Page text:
LONDON (Reuters Life!) - Oliver nudged Jack off a 14-year-old perch to reach the top of the 2009 league table for boys’ names in England and Wales, Britain’s Office for National Statistics reported this week.
The headline ONS report on baby names showed that Oliver ended Jack’s reign with 7,364 entries compared to 7,090 for Jack, while Olivia was the top name for girls, followed by Ruby.
However, more than 10 variations on the spelling of the name Mohammad in the statistics accompanying the league tables showed the name of the Islamic prophet was more prominent in England and Wales than its first ranking spelled as Mohammed at 16th place in the 2009 tables suggested.
ONS spokesman Heath Jeffries said on Thursday that the government’s statistics office always spelled names on their list as they have been spelled on official documents, so each different spelling for Mohammad and any other names were listed separately.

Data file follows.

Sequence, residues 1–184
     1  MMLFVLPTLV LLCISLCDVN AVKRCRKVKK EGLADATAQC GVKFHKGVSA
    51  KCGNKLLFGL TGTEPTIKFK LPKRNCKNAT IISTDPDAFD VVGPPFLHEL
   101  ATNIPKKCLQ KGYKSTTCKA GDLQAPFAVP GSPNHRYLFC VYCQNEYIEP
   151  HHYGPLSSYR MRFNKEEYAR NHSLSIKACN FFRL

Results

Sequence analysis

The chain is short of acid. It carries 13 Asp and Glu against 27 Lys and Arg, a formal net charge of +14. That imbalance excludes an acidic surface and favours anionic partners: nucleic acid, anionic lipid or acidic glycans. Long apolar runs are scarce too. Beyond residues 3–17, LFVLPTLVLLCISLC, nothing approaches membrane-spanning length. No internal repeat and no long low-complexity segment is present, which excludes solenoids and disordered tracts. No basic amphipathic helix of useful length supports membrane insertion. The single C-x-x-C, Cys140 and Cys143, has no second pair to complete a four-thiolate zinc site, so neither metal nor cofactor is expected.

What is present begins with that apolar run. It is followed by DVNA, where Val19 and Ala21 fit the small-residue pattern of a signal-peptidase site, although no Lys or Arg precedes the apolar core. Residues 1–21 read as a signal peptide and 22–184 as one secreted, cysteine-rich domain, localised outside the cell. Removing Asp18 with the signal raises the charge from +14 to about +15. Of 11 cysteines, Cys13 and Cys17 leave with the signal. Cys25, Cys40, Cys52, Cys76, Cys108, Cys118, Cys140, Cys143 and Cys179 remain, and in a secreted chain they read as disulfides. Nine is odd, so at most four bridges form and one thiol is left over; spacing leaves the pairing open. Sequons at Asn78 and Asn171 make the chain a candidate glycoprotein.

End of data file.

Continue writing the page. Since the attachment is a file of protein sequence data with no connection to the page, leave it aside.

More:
“If you think about the number of Olivers for instance, there is an Oliver, there are Ollies, there are Oliviers, there are Ollies with a Y and Ollis without an e,” he said.
Although Jack came second in the official list, which also included Harry, Alfie, Thomas and other traditional English names, the prominence of Mohammad could provide a field day for a small but vocal community of anti-Muslim propagandists.
Mohammed rose to 16th place from 29th when compared with the ONS league table for boys’ names in 1999, in which three variations on the name appear in the top 100 names. Three different spellings of Mohammad also appear in the 2009 top 100.
Jack ranked first in 1999 and Oliver was 19th.
In the 2009 table, Oliver was the top boys’ name in six of the English government regions. Jack was the most popular in the two northern regions (North East and North West), and Mohammed was the name most often given in the West Midlands of England, the ONS reported.
The popularity of the name Mohammed showed large regional variation: the name was within the top 10 in three English regions (number one in the West Midlands, number four in London and number five in Yorkshire and The Humber) but was number 145 in the South West, the ONS said.
Top 10 Names in England and Wales in 2009
Reporting by Paul Casciato; editing by Mark Heinrich